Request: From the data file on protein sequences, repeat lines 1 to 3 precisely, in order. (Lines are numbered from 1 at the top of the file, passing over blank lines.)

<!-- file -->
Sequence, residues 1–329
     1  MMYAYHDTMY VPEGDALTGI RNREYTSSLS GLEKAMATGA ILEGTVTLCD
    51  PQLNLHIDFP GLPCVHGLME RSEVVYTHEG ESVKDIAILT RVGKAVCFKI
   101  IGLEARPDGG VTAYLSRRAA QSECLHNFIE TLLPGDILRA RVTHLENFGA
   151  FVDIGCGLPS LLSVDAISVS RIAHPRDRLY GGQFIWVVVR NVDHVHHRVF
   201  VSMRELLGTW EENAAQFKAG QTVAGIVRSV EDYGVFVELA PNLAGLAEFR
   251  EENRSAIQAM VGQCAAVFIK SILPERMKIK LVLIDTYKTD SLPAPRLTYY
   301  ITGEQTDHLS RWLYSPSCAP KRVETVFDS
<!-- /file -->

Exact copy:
Sequence, residues 1–329
     1  MMYAYHDTMY VPEGDALTGI RNREYTSSLS GLEKAMATGA ILEGTVTLCD
    51  PQLNLHIDFP GLPCVHGLME RSEVVYTHEG ESVKDIAILT RVGKAVCFKI